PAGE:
Productivity Hacks: 6 Ways to Improve Your To-Do Lists

Productivity Hacks: 6 Ways to Improve Your To-Do Lists

When it comes to getting things done, most people are tempted to list as many tasks as they think they can complete on a piece of paper. The trouble with this is that not only does the list get longer and longer, but picking the best place to start on such a list is virtually impossible. Getting to those hard-to-reach tasks might be the thing that is keeping you from reaching your maximum level of productivity.

What’s the good news about this? It’s an idea that came from the mind of Ivy Ledbetter Lee, that eponymous public relations man from early in the last century who is best known for his work with the Rockefeller family and other notables. One day in 1918, Charles M. Schwab, the president of Bethlehem Steel Company, and one of the world’s richest men asked Lee how he became so productive. His answer? The “To-Do List.” A lot has changed in the past 100 years, but the notes app has evolved from that humble beginning. This article will show how to maximize that idea.

Create Your To-Do List the Night Before

One of Ivy Lee’s secrets was that he would always create his to-do list the night before a business day. Further, he would always start his to-do list with the three most important things he had to do that day. This way, the day can begin by knowing exactly what you need to do.

Ensure That You Have Everything You Need to Complete the Tasks

Don’t commit anything to a to-do list you don’t have the time or the resources to complete. Make sure everything on your to-do list can be finished that day.

Set a Time Limit for All Tasks

Have you ever had an item on your to-do list that never left? Probably everyone has. To eliminate this problem, never put an item on your list without having a date of completion for each item. When there’s a deadline for a task, the chances are better than you will be more productive and won’t waste time.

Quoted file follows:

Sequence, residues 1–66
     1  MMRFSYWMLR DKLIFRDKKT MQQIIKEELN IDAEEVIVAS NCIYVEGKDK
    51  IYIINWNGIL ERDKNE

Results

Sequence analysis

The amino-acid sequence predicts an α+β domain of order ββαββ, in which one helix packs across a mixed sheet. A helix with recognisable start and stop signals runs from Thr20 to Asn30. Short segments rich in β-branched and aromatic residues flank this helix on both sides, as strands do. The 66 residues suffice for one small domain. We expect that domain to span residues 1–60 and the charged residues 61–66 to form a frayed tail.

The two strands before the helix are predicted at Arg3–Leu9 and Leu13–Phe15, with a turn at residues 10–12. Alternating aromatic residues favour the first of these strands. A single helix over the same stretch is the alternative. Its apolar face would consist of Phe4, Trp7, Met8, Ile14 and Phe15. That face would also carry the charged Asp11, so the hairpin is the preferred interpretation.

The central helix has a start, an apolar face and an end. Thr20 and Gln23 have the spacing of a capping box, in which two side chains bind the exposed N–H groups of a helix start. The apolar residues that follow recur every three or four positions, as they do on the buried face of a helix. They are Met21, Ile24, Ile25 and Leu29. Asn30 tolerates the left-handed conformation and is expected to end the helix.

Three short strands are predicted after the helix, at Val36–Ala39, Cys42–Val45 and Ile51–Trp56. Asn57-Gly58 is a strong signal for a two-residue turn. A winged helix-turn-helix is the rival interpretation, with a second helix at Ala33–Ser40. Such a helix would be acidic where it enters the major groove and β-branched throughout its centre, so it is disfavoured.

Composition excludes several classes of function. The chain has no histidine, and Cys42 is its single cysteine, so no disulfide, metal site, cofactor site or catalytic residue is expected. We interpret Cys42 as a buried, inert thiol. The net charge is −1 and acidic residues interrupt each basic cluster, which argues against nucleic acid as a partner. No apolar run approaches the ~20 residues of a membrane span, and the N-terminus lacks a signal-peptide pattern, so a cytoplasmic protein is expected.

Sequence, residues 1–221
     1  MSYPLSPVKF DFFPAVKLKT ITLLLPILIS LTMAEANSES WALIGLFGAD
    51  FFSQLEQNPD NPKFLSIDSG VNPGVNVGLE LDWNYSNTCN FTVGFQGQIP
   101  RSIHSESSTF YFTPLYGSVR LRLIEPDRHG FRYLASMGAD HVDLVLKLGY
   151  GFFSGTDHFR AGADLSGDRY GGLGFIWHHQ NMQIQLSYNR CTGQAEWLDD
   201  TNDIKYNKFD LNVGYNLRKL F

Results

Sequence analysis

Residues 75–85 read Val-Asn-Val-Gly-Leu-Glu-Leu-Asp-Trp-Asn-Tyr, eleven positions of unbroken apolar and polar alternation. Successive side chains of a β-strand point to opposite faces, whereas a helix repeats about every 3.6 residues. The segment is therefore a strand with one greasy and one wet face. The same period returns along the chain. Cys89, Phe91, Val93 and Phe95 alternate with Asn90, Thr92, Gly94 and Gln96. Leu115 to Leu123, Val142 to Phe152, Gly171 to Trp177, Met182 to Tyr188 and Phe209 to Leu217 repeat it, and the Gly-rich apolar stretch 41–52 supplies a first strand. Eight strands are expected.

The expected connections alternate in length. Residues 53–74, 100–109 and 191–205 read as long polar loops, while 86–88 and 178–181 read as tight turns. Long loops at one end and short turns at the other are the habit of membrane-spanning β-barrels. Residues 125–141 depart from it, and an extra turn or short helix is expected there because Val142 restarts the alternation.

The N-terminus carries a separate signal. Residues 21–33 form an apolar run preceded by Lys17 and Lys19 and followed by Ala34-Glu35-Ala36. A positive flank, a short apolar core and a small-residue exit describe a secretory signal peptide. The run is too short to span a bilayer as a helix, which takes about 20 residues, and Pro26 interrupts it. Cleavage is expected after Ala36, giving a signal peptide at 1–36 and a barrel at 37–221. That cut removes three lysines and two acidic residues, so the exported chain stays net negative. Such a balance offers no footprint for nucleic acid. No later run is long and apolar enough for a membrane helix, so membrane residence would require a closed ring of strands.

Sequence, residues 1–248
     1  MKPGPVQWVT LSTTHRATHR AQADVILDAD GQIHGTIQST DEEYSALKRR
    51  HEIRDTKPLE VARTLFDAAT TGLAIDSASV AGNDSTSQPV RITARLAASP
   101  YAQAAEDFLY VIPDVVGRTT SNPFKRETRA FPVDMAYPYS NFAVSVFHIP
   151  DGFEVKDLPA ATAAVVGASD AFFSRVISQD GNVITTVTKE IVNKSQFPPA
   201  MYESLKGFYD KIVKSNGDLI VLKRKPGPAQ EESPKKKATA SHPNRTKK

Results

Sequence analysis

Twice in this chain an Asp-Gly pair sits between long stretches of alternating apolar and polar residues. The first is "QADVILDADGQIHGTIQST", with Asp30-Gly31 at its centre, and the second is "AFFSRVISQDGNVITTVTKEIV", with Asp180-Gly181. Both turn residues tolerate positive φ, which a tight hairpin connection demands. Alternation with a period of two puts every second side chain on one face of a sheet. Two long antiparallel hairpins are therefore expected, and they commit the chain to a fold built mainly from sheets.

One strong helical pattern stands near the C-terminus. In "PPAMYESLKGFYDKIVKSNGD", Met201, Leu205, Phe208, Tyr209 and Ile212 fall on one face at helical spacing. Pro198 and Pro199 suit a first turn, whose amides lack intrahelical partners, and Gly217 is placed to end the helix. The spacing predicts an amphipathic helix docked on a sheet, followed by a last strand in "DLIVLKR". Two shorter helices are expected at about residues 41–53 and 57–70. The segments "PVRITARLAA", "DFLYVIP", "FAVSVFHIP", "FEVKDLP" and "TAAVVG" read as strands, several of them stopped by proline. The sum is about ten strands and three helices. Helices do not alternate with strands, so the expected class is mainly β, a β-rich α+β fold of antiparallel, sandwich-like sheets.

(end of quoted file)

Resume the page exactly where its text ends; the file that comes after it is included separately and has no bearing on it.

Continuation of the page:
Keep Separate Lists for Every Part of Your Life

Experts disagree on this point. Some say that you should keep one long master list with everything that needs to be done.

Others say that such a list is counterproductive since it seems overwhelming. The latter group advocates keeping a separate list for each area of your life. For example, keep a list for work and another for home. The key here is to do what works best for you.

This is where a notes app comes in very handy. Pencils and paper were fine, but for managing lists of any size and any configuration, a smartphone with the right notes app is priceless.

Know What is a Priority, and What is Not

One problem that many people have when creating a to-do list is being unable to determine what is and is not a priority. When everything of all priorities ends up on a to-do list, frustration will mount. This is where Ivy Lee’s advice to prioritize everything—especially those top three items—comes into play.

Own Your Inbox

Email and an inbox are great ways to share information, but too much of a good thing is not good. Try to make sure you know how much of your day is spent reading and responding to email. When you feel you are being overwhelmed, start deleting things. The more you delete, the better you will feel.

This methodology might not work for everyone, but for most people, it will be highly effective. The old saying, “Don’t let your mouth overload your back” applies to the information age as well as it has in the past.

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